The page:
We define the intensity I of a wave , or the power per unit area, to be the rate at which the energy being transported by the wave transfers through a unit area A perpendicular to the direction of travel of the wave
The intensity of sound decreases as we move farther from the source. We identify an imaginary sphere of radius r centered on the source. When a source emits sound equally in all directions, we describe the result as a spherical wave. The average power, P av emitted by the source must be distributed uniformly over this spherical surface of area 4∏ r 2 . Hence, the wave intensity at a distance r from the source is
If the source in motion, the wave fronts heard by the observer are closer together than they would be if the source were not moving. As a result, the wavelength λ ’ measured by observer A is shorter than the wavelength
λ of the source, the source moves at distance :v s .T = v s /f and the wavelength is shortened by this amount.
(a)Shock wave produced when a source moves from So to Sn with a speed v s , which is greater than the wave speed v in the medium. The envelope of the wave fronts forms a cone whose apex half-angle is given by sin θ = v / v s . (b) A stroboscopic photograph of a bullet moving at supersonic speed through the hot air above a candle.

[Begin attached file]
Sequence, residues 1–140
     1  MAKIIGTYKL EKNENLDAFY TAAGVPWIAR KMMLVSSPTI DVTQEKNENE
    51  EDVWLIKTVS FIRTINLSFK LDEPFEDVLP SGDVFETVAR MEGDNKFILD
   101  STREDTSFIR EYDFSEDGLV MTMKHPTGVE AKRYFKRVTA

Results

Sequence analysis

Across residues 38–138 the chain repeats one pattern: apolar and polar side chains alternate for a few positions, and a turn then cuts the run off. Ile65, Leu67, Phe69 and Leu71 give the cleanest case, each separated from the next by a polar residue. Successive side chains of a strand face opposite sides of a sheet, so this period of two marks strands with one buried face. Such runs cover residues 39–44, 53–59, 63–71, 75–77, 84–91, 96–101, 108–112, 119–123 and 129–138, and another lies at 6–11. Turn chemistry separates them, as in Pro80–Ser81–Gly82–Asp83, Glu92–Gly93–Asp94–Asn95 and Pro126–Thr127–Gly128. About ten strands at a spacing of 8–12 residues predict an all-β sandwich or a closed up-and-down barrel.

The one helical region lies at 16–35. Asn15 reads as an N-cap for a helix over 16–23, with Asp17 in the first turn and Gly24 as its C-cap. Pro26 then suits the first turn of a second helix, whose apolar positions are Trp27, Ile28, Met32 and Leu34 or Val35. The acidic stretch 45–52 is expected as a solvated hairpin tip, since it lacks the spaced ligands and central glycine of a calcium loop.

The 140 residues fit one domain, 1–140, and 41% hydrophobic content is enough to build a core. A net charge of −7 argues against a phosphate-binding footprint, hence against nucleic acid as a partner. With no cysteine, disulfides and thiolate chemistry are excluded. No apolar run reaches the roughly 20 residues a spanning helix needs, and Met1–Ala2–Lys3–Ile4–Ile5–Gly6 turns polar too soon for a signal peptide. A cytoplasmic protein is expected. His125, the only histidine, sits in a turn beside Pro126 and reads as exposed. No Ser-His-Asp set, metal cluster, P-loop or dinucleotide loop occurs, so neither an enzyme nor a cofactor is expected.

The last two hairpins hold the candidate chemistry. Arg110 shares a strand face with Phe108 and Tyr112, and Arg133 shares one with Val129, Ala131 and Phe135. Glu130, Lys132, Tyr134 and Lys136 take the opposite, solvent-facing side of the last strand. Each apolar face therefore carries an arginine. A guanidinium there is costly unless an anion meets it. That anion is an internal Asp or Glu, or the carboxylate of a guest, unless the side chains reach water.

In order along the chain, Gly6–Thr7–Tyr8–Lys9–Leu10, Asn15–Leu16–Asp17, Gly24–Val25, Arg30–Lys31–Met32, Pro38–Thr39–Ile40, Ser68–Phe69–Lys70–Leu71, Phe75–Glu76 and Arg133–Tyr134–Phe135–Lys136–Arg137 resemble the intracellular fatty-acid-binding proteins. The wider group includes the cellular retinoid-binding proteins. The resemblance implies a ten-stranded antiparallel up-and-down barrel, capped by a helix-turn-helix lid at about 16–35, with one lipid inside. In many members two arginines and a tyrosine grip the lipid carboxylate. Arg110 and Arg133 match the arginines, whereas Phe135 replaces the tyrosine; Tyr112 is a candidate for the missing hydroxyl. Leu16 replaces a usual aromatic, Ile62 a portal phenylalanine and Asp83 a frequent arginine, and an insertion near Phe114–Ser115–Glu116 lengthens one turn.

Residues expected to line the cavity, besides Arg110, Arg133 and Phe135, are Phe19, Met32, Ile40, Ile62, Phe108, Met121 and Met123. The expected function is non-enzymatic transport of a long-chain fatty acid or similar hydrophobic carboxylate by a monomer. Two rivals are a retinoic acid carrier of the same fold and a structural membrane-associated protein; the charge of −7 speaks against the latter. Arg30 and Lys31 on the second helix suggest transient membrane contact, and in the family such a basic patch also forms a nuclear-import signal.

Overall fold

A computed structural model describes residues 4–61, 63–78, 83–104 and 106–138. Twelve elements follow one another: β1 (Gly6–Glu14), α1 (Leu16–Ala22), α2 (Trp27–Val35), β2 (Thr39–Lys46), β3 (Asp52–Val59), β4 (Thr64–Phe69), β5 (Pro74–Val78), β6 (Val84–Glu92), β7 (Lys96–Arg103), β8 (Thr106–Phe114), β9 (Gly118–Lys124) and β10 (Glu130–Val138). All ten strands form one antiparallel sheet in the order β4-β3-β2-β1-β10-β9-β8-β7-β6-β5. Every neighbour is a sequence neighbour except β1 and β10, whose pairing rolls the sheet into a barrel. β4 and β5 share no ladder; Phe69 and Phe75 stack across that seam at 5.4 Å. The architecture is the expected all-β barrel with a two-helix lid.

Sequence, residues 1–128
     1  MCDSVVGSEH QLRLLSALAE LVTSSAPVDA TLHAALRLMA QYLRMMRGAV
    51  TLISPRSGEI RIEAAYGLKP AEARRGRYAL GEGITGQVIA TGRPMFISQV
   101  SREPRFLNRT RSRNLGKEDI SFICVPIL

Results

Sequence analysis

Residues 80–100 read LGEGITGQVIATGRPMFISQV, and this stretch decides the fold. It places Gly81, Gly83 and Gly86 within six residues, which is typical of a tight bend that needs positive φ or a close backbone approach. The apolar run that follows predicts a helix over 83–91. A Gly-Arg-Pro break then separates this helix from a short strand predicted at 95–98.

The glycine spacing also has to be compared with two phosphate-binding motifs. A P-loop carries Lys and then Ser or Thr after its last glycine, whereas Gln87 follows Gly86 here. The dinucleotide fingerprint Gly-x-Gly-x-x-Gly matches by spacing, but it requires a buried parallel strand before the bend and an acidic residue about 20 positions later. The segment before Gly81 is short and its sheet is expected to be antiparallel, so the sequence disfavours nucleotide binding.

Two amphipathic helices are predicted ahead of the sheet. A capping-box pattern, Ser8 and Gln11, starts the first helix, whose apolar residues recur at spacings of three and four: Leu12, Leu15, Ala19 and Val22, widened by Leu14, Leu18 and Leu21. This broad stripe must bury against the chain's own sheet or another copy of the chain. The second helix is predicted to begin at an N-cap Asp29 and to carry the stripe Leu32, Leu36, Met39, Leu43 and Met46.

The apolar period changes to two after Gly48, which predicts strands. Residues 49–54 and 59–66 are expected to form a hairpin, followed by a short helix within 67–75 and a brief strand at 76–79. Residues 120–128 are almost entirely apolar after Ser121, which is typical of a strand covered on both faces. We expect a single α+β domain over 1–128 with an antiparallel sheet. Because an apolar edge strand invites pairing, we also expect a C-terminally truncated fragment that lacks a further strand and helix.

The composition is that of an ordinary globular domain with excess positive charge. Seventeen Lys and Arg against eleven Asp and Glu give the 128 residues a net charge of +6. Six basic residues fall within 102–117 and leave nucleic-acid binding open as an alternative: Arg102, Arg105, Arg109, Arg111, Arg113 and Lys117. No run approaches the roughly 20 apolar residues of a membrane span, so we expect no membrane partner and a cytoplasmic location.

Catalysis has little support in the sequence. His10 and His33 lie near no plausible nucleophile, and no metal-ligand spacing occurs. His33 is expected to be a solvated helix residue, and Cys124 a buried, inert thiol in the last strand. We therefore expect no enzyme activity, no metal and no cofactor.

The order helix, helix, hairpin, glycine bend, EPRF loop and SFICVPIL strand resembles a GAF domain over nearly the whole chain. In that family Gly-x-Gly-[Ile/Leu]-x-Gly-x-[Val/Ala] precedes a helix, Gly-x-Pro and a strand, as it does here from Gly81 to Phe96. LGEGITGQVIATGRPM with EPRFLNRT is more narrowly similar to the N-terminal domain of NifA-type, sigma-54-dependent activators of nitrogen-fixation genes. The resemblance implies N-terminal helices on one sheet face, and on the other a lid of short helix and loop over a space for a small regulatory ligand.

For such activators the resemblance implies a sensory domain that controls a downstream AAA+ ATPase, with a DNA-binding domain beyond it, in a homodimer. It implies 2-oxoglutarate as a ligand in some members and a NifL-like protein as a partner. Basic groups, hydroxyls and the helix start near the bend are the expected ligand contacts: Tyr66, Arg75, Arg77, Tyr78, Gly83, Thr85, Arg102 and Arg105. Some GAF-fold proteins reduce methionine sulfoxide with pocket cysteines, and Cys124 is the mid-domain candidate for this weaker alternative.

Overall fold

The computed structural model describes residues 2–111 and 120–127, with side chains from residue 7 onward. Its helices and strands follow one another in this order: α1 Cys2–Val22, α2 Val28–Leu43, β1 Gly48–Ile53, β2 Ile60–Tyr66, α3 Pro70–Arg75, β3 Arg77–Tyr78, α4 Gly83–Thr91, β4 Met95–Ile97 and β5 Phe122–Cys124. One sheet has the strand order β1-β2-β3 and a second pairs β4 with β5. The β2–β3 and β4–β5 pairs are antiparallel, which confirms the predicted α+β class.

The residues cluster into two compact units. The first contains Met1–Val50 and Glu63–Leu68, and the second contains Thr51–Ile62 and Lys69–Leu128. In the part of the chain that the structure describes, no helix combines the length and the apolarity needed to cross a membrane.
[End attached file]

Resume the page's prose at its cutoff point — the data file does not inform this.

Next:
The V -shaped bow wave of a boat is formed because the boat speed is greater than the speed of the water waves it generates.
Analogous to a shock wave formed by an airplane traveling faster than sound. Jet airplanes traveling at supersonic speeds produce shock waves. The shock wave carries a great deal of energy concentrated on the surface of the cone. Such shock waves are unpleasant to hear and can cause damage to buildings when aircraft fly supersonically at low altitudes.